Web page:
Safeguarding glass sponge reefs – learn more about the journey of the IMAGE project in Canadian waters
Department Fisheries & Oceans Canada
Howe Sound, British Columbia, Canada
Insight Micro Underwater Laser Scanner & Stills Camera and Discovery Camera
The 4 Goals
An interactive 3D model of a Glass Sponge Garden, generated with Voyis Discovery Camera.
The location chosen for the project’s implementation is Átl’ka7tsem/Howe Sound in British Columbia, Canada. This region is home to a substantial population of live glass sponge reefs, a unique habitat found exclusively along the Pacific coast of Canada and the United States. The ecological significance of these reefs cannot be overstated, as they play a critical role in filtering and processing carbon and nitrogen. Additionally, they provide shelter and support for a diverse community of marine species, including economically important ones like rockfish, spot prawns, lingcod, and crab.
Despite their ecological importance, glass sponge reefs face threats from human activities, especially bottom-contact fishing and sedimentation. To safeguard these fragile ecosystems, Fisheries and Oceans Canada (DFO) established marine refuges through fishing closures.
However, the slow growth rate of glass sponges and their limited recovery capacity demands continuous monitoring and adaptive management strategies.
In response to these challenges, Voyis contributes significantly to the project with its cutting-edge imaging systems, the Insight Micro and Discovery Camera. These sensors enable researchers to acquire high-resolution, color-corrected 3D data of the glass sponge reefs which can be used for accurate photogrammetric reconstruction of the ecosystems to produce complete digital twin models. These volumetric models can be compared on subsequent surveys to detect changes in the reef’s health. The ability to deploy this remotely on autonomous vehicles improves the monitoring solution’s efficiency and effectiveness.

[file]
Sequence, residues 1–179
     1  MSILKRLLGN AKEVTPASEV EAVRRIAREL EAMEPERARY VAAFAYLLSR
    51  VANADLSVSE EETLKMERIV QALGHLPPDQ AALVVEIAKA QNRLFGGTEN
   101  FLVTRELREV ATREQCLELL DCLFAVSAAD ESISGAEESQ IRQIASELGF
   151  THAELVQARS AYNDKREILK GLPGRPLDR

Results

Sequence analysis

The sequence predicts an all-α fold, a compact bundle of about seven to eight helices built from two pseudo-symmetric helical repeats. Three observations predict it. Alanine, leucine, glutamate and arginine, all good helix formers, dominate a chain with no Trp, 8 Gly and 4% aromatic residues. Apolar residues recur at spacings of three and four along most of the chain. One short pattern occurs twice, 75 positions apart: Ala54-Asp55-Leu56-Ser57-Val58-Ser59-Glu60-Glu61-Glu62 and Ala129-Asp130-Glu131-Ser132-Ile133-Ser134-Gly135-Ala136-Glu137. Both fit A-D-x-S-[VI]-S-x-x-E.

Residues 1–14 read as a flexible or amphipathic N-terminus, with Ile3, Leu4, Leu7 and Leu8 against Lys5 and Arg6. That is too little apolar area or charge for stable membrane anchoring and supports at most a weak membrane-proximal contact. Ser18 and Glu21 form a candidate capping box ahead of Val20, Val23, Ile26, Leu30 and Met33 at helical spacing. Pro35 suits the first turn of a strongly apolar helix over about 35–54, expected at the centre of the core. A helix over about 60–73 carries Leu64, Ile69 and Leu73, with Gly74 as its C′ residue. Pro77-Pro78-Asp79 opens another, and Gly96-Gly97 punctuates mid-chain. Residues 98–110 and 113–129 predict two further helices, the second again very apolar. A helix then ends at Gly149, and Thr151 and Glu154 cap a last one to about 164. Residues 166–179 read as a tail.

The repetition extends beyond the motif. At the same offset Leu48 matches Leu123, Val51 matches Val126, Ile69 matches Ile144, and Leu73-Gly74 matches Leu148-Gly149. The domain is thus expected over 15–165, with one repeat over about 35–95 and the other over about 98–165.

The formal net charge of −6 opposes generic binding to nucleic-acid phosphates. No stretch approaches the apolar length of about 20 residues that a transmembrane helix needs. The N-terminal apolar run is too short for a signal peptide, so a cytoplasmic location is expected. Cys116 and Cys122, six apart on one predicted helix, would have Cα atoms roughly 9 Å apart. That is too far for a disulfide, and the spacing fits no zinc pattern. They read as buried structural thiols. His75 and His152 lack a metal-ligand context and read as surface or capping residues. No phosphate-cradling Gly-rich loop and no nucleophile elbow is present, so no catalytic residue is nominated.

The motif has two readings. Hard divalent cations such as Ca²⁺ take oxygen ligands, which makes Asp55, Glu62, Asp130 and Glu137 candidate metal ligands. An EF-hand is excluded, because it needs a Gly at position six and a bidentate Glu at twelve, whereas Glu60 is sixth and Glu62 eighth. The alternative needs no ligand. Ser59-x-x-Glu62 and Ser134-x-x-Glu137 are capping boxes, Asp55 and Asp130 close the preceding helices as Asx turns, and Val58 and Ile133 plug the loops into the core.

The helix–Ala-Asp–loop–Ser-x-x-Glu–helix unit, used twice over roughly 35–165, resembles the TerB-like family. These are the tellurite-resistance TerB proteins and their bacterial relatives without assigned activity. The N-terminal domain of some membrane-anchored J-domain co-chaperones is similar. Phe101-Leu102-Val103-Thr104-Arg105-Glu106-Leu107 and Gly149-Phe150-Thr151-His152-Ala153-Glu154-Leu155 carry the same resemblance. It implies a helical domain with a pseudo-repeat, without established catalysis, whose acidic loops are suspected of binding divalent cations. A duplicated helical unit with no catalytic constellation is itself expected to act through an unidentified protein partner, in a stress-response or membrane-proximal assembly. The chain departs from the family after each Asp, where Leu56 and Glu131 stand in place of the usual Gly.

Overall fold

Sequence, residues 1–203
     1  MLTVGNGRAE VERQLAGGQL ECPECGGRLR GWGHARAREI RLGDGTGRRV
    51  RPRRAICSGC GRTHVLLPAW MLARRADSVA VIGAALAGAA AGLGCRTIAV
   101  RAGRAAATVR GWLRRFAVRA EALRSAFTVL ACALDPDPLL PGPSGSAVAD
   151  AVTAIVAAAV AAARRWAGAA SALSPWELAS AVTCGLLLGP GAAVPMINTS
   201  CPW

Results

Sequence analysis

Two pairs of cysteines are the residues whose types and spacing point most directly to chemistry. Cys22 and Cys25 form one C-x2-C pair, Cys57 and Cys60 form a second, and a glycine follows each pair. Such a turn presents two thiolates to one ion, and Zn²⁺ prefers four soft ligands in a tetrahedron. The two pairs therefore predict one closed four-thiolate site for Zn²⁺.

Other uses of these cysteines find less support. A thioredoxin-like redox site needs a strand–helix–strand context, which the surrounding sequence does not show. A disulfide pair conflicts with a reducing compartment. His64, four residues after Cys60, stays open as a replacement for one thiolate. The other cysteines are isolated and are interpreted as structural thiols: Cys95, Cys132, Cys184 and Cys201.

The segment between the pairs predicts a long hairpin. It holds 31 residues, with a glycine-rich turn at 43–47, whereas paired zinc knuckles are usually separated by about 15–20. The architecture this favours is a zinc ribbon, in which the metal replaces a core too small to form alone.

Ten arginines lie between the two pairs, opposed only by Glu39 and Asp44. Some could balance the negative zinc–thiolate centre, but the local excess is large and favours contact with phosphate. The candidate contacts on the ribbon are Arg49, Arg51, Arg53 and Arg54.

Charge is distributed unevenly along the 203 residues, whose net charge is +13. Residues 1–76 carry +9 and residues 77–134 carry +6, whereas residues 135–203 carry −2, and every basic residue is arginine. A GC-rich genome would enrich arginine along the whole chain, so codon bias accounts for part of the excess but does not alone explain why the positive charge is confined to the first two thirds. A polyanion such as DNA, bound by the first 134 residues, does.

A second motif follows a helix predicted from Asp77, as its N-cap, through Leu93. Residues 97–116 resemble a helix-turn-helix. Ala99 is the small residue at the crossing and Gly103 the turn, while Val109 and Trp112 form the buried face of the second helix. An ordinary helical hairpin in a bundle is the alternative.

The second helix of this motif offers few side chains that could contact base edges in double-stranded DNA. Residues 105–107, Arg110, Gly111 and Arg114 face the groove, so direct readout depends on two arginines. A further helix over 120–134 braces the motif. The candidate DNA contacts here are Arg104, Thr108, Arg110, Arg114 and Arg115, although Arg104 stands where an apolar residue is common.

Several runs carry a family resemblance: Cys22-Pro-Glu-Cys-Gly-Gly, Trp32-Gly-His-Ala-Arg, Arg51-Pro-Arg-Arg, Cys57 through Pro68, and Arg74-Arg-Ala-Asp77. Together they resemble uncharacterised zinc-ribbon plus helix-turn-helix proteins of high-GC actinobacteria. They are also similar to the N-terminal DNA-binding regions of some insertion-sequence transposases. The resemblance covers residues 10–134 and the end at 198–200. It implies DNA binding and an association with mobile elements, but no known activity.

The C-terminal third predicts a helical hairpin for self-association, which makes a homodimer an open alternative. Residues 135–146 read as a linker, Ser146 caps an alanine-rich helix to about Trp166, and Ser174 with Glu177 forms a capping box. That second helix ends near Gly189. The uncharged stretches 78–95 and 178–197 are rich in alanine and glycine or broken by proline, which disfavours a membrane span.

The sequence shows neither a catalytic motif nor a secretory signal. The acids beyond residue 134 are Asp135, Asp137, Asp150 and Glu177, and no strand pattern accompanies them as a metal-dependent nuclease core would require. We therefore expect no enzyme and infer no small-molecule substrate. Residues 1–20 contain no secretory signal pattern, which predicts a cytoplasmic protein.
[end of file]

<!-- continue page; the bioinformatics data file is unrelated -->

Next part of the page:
Geospatial Classification using Machine Learning
An unsupervised training method automatically clusters the image data into a structured database. Representative images can be selected for each feature of interest, like “live reef”, “dead reef”, and then geospatially mapped to understand the distribution. With this new technology researchers can enhance their conservation planning and decision-making.
STILLS IMAGES & LASER DATA
A selection of high-resolution images that allow governments and organizations to map and identify glass sponge reefs.
Our project partners played a vital role in realizing the vision of the IMAGE Project.
Shift Environmental Technologies Ltd. utilized its established connections with First Nations to streamline the training process for the indigenous community in ROV survey operations, while also seeking their input in identifying optimal survey locations.
The Marine Life Sanctuaries Society contributed invaluable local insights, enabling us to accurately pinpoint the glass sponge reefs and actively participate in their preservation efforts.
We provide versatile optical solutions to expand your underwater capability and enhance understanding of remote, challenging environments.
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